Kyiv 2021 - The report, written by Andrey Saladovnikov, International Consultant of UNODC, in close cooperation with the Regional Programme Office for Eastern Europe, summarizes the results of pilot police referral schemes for people who use drugs and people released from prisons in four countries (Belarus, Moldova, Ukraine, and Kazakhstan) and points out recommendations for establishing a sustainable harm reduction mechanisms based on the partnership between police, healthcare institutions, and civil society organizations. The review identifies the key barriers at the national and regional levels that inhibit communication between police and civil society.
A police referral scheme is an algorithm that allows police to offer to the people from key populations (KP) participation in a program of health, social, harm reduction services and HIV/HCV/TB prevention and treatment, instead of punishment and detention. The scheme aims to reduce the number of offenses and provide an alternative to prosecution. In another version, the scheme allows persons released from the prison facilities to receive necessary medical, social or legal assistance to ensure the continuity of services and prevent the recurrence of criminal behavior.
In recent decades, the cooperation development in the implementation of referral schemes and active involvement of the government partners have become an influential factor for HIV prevention and protection of KP against negative criminal impact. Despite many studies in this area, most of the sources do not contain an analysis of the regional referral schemes features that take into account the activities of law enforcement officers. This is especially true for the Eastern Europe and Central Asia (EECA) region, where the experience of interaction between law enforcement agencies and non-governmental organizations (NGOs) on referral schemes remains insufficiently investigated.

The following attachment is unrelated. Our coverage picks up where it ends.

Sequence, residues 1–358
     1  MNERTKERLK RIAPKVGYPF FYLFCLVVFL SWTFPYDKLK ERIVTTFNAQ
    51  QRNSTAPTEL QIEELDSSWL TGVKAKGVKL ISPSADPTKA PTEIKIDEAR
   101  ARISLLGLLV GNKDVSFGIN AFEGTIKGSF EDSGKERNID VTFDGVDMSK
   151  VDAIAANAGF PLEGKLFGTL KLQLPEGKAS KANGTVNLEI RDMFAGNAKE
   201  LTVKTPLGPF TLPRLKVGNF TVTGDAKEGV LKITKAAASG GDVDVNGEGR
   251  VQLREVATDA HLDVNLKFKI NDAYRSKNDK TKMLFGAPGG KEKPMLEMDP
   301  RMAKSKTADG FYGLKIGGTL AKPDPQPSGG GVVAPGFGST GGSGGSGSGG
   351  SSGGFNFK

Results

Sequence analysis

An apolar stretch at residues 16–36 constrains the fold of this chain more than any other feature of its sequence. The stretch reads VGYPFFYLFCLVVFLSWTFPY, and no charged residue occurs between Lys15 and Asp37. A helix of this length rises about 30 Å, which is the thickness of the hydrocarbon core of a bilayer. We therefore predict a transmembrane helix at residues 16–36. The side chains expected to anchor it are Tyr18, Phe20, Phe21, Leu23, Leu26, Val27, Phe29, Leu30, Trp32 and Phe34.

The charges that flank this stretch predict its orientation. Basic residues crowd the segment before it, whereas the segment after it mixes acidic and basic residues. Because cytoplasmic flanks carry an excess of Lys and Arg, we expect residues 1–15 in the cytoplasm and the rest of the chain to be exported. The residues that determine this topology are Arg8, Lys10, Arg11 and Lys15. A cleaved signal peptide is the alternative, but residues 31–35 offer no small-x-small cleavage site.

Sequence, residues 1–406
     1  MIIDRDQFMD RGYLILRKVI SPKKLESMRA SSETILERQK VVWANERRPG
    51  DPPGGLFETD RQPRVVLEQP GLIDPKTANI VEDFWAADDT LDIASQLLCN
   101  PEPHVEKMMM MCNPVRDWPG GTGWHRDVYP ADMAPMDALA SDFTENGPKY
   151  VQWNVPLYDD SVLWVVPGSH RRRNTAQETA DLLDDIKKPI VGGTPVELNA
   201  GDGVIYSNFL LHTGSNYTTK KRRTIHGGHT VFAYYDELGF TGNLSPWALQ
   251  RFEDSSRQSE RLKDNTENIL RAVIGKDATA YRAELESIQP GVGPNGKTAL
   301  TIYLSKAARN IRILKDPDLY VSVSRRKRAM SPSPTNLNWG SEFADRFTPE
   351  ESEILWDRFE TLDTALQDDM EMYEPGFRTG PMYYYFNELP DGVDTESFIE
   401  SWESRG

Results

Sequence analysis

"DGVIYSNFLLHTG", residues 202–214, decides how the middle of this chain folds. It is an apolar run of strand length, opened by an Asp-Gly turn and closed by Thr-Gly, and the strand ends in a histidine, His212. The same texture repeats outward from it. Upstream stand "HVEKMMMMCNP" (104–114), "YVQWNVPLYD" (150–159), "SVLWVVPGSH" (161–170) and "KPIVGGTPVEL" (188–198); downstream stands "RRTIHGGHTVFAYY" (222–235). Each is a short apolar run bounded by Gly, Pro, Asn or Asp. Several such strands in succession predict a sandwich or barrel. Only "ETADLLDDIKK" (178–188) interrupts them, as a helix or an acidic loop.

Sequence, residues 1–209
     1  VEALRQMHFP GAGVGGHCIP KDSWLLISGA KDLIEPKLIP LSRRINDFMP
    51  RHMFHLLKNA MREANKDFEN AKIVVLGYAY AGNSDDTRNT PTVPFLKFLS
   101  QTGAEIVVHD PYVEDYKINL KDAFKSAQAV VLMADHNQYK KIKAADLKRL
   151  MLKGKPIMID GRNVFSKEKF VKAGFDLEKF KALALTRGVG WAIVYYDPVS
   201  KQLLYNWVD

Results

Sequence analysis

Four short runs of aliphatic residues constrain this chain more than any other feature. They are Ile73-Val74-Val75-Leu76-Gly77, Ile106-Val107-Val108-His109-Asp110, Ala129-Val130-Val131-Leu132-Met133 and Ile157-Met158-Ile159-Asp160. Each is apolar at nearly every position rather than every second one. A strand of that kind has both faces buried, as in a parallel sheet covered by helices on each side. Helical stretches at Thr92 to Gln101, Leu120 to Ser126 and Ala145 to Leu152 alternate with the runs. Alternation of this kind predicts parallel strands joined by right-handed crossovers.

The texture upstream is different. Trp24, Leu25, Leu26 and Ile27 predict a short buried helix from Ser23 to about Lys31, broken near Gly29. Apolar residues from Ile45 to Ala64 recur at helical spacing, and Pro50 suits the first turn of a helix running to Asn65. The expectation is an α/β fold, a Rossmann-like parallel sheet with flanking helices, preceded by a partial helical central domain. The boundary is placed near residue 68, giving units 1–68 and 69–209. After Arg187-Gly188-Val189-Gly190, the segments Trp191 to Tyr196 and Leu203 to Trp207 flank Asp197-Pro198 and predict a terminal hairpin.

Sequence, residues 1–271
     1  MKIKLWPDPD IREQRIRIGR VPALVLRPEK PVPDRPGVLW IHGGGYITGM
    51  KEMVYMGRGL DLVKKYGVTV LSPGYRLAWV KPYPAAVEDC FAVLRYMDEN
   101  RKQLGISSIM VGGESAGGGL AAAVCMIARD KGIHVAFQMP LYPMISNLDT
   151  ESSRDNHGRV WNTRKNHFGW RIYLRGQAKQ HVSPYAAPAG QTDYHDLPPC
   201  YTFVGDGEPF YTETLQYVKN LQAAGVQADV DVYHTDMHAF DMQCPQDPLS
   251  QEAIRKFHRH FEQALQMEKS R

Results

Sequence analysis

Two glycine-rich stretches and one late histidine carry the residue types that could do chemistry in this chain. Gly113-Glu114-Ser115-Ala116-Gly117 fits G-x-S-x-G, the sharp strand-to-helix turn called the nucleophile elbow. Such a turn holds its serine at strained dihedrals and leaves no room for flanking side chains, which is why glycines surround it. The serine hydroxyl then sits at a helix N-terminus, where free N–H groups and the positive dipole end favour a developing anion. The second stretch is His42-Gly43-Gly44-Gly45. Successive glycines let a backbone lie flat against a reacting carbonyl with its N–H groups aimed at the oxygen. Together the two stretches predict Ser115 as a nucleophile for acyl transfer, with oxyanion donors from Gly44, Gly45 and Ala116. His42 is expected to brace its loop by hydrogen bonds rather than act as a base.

The goal of the report is to highlight the results of the existing pilot police referral schemes for people who use drugs and people released from prisons in Belarus, Moldova, Ukraine and Kazakstan and develop recommendations for the UNODC’ and partners’ future activities in these countries and on the global level too. UNODC aims to improve collaboration for expanding access to referral schemes and HIV prevention services provided to the key populations (KP), including people who use drugs (PWUD), sex workers (SW), men having sex with men (MSM), and transgender people (TG).
Including law enforcement officials into the system preventing HIV among the representatives of people who use drugs, sex workers, MSM, transgender people and people in prisons, and a multistakeholder interaction and collaboration are essential steps for an efficient and successful national HIV response. These officials are in direct contact with the representatives and can decide whether to initiate a harm reduction program. In turn, successful implementation of efficient prevention actions among KP will prevent the spread of the HIV epidemic. Additionally, reconsidering public healthcare and safety approaches and the relations between the law enforcement authorities and civil society will maximize the available resources, employment, and subdivision of responsibility of those involved to establish an improved interaction model. Further recommendations include stronger involvement of NGOs in national anti-drug policy development and key governmental sectors, improvement of anti-drug legislation and alignment with international standards and evidence-based and human-rights centered approaches. Moreover, capacity building activities in the form of developing and conducting trainings for LE and governmental officials, developing methodological recommendations and instructions for LE on harm reduction approach, are all essential in sensitizing the key national stakeholders for adequate and successful HIV response.
Full report: here